Zombies are at another peak of pop culture. Most recently, you have shows like "iZombie" and most importantly "The Walking Dead" on air, as well as video games, comic books, movies coming out in abundance (though it's beginning to die down, leaving TWD being the premiere go-to for zombie fans). So, you'd imagine that it'd be pretty difficult to make an original zombie movie; one that didn't feel like you were watching the same kind of movie, show, or game. The zombies being the main antagonist is the norm.The edge of people being the real monsters has been played out, so what's left? Well, what if the antagonist is yourself?
Rod Blackhurst has done the unthinkable: He made an original zombie film. "Here Alone" is about a young woman named Ann who struggles to survive in the woods after a virus outbreak that has turned everyone into zombies. Everyone has essentially had a zombie apocalypse survival fantasy and how they would survive the outbreak. But could you really? Do you have what it takes? Ann, a representation of what it takes to actually survive the Apocalypse, is very much a real person, with a few bonus perks. She isn't Rick Grimes who is able to majestically bounce around all over and fight hordes of zombies and bad guys without so much as a moment of hesitation. She is a normal young woman with the will to live when the world is against her. Probably the strongest, most visually realized female protagonist in the vein of Furiosa and Ripley to date, she uses the knowledge obtained through her husband and her own wits to gather food, have drinkable water, and stay out of sight of the zombie horde.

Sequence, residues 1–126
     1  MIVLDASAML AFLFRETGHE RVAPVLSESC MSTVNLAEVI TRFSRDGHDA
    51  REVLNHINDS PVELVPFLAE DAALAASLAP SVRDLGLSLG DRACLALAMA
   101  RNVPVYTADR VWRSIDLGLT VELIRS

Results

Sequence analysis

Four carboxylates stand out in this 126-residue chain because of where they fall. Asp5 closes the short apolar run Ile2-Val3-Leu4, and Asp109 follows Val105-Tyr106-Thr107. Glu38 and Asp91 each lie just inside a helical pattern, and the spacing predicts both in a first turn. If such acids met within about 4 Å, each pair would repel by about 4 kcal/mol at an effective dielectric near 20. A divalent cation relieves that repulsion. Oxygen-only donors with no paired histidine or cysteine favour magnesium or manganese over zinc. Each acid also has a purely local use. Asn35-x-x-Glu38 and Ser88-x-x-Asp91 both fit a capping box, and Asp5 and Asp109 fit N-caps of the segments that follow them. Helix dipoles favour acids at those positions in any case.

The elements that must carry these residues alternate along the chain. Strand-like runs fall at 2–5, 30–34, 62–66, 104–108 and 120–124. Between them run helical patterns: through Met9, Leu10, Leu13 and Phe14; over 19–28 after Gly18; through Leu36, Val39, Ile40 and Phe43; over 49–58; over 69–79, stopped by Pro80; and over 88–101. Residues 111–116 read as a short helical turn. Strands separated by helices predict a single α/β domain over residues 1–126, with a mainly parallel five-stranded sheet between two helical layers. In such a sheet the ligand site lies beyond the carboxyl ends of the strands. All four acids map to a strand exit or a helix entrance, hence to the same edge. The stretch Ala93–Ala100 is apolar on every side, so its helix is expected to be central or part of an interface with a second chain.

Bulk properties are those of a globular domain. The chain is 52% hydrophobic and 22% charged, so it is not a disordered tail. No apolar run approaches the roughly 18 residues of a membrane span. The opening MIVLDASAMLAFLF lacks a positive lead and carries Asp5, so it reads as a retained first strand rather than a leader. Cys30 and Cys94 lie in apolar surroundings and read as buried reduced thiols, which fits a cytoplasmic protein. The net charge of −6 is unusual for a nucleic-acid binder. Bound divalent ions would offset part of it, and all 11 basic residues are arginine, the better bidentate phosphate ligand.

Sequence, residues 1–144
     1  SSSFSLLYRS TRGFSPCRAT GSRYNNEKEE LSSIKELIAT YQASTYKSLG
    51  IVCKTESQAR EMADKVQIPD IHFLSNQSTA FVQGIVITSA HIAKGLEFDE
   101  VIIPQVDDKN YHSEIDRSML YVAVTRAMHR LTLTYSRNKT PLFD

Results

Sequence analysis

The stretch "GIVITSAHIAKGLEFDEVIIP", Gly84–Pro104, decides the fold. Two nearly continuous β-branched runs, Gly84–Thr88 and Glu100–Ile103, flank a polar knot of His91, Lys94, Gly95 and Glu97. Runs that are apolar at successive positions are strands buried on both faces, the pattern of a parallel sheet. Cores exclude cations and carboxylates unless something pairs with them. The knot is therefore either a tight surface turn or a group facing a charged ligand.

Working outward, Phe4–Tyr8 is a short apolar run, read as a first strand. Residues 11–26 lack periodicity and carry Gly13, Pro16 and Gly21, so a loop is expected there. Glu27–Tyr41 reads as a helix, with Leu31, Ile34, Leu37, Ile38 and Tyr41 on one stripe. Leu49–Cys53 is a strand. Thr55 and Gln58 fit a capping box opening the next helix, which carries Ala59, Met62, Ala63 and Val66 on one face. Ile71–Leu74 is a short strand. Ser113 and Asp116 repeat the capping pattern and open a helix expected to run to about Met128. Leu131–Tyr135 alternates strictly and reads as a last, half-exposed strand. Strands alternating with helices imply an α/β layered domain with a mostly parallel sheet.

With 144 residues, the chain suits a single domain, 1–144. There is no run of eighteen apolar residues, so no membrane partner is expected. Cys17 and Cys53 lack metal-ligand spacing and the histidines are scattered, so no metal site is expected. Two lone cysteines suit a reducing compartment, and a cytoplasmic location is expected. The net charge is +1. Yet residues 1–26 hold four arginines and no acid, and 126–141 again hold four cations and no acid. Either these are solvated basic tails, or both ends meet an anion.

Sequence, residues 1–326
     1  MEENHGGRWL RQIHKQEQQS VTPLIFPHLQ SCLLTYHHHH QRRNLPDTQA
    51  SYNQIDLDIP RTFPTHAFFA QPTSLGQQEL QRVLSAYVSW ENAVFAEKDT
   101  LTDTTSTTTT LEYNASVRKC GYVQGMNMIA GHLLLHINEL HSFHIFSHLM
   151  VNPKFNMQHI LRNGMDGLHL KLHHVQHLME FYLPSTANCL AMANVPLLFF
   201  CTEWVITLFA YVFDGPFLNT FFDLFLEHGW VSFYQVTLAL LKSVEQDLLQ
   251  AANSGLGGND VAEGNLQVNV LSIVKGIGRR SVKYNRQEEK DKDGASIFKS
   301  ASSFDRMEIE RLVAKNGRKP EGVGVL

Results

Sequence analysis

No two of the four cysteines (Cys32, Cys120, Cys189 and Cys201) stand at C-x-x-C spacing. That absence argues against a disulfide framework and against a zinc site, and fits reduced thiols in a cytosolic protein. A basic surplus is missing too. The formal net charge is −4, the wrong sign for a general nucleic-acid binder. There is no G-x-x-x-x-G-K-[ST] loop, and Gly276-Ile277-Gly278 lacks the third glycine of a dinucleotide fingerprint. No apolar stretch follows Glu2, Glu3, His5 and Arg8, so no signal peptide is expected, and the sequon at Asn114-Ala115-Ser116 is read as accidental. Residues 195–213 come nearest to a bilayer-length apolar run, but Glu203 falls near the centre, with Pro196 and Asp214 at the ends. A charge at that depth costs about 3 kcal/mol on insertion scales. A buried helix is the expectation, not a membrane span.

Olivia, a character Ann saves with her stepfather, Jason, is the full embodiment of our generation's fantasy driven obsession with the apocalypse. She doesn't quite comprehend the danger and crackles under the pressure when brought face to face with the undead. This, of course, always leads to a dramatic hard choice to be made, and one that goes hand in hand with the overall narrative.
The movie has dueling narratives: When Ann shows up with her husband and child to the original campsite, and Ann surviving alone until she saves a man and his stepdaughter after he gets a serious injury. It's a painfully slow movie, but that gives the film its character. The real zombie apocalypse wouldn't be an eventful joyride (the first zombie appears almost an hour into the film); it'd be day after day of the same routines that begin to blur time and the concept of dates. The world you once knew and loved is gone forever. What's left is sunrise, sunset, food, and air: a return to primitive needs.
So, since there are virtually no zombies, who's the real antagonist? You can point your finger to a few different things, but what it ultimately comes down to is the real antagonist is Ann. Ann is the protagonist and her own antagonist. Events happen later in the film that causes her to act in a motherly instinct and how she must correct her own wrongdoing. What she thinks will redeem her results in her downfall.
If you want a fresh take on a worn out genre, "Here Alone" is a great film to go see. Like "The Witch" before it, this film doesn't insult its audience's intelligence and offers us an unnerving, horrifying experience that doesn't rely on extreme gore or cheap scares. Shot around the parameters of a micro budget and embracing it, this film does wonders with how little it had. Blackhurst and screenwriter David Ebeltoft knew their limitations and used it in their favor, just as Tarantino did with "Reservoir Dogs" and many other films of that nature. I can only imagine what Blackhurst can do with a real budget, and after this film, we might soon find out.